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World War II newsletter
RECTOR'S WEEKLY NEWS
November 26th 1940

My dear Lads,
Here first of all is quite a good Army smiler to cheer you up.
Recruit: Sergeant, can a man be punished for something he has not done?
Sergeant: Don't be foolish me lad, of course he cannot.
Recruit: Well, I haven't cleaned my rifle.

And now to more serious matters:-
I do hope that you will think seriously of my suggestion made a fortnight ago, that you find a few kindred souls and ask the Chaplain, or the Vicar of the Parish in which you are billeted, to have a short discussion class once a week. A moments thought and you will agree that some short time every week should be given to more serious matters. And you will soon come to enjoy such short talks as I have suggested. Find the kindred souls, talk it over with them, and then go together to the Chaplain. He will undoubtedly let you choose the subject to discuss. With my love and all my prayers,
Ever your sincere friend,
L. N. FORSE.

Extracts from Letters.
Dvr. Jack Robinson, now batman and chauffeur to his Chaplain, drives him about Ireland to take Services and likes his job. Had a big Parade Service in one of Ireland's biggest Churches last Sunday. Wishes to be remembered to Ted Barnish and Bert Price. Sergt. Edgar Wait (please note the promotion - congratulations, Edgar, from us all) says he is the youngest Sergeant in his Company; he was made Sergt. on the day before his 20th birthday; sends his best wishes to all Tarleton lads. Sapper George Barker (Hoole), says he started off to visit the Rector when last on leave but it rained so hard he never got there. Says his Company get "clayed up" to the neck every day, and that Jerry is keeping very quiet at his end of the world. A/C2 Robert Moss (Hesketh Lane), has now passed several exams and hopes to pass out soon; says he enjoyed his 48 hrs leave. Pte. Harry Latham says he sees a lot of Tom Rigby (Toll Bar) and gets P. T. every morning on the sands. Adds "We have grand billets and good food, electric lights and H. & C. so we cannot grumble." His Calligraphy (High-falutin word for good hand writing) surpasses itself in this letter. Gunner John Rimmer (Hesketh Lane) says he has now gone to the coldest town in Scotland"; adds "we would like our route marches to be where there are not so many hills and heather to be seen"; wishes to be remembered to Fred Tiffen, Joe Power and John Cropper. Adds that the "Scotch Command says we are the best medium artillery in Scotland." Gunner Tom Harrison has now done his training and has flags on his arm; says Margaret Lockwood the film star is coming to his camp to see her husband who is training in his Camp. Says "remember me to all the Tarleton lads". Our sincere congratulation to Corporal Ernie Ball on his well deserved promotion which he informs us has been dated back to August. Has already attended Corporals' smoking concert - 2/6 supper, free fags, and his Barrack's Swing Band in attendance - and says he had a pleasant evening. Trooper Ted Barnish is on draft for the middle East and asks "how shall I go on about the News Letter when I am so far away; will you keep on sending it?" We certainly shall Ted. Says he is expecting draft leave almost at once and promises the Rector a visit. Pte. Ken Ogden (Hoole) sends his new address which is near the East coast, says he hopes to get Christmas leave and gives the welcome news that his father is much better. AC2 Bert Barron sends a short letter but makes up for it by enclosing his photo, says everything is quiet where he is in the South. Gdsn. Arthur Molyneux says they have Concerts abut three times a week - "some of them are very good but most of them are very weak." wants the addresses of Charlie Wright and Stanley Baldwin.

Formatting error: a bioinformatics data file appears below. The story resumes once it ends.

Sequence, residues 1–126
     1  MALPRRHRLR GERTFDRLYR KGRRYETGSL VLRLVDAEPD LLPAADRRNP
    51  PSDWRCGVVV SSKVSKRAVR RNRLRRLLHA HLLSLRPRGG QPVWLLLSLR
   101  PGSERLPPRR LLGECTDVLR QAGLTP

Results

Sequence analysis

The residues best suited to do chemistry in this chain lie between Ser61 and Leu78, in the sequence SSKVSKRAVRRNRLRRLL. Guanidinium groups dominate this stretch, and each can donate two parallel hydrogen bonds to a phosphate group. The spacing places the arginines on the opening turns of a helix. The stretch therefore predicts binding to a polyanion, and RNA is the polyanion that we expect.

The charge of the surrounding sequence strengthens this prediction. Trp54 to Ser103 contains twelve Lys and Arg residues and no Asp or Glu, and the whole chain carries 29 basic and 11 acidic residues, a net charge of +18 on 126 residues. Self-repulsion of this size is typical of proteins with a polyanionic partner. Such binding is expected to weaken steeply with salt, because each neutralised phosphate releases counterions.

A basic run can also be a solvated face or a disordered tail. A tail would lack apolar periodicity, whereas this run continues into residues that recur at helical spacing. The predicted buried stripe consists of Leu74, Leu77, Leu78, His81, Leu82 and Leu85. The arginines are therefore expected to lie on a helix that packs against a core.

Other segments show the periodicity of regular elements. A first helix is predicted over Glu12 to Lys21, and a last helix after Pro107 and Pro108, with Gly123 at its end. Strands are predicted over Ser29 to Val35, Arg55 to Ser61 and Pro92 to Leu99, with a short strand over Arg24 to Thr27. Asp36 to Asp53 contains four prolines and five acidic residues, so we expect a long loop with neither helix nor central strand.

Rufford News.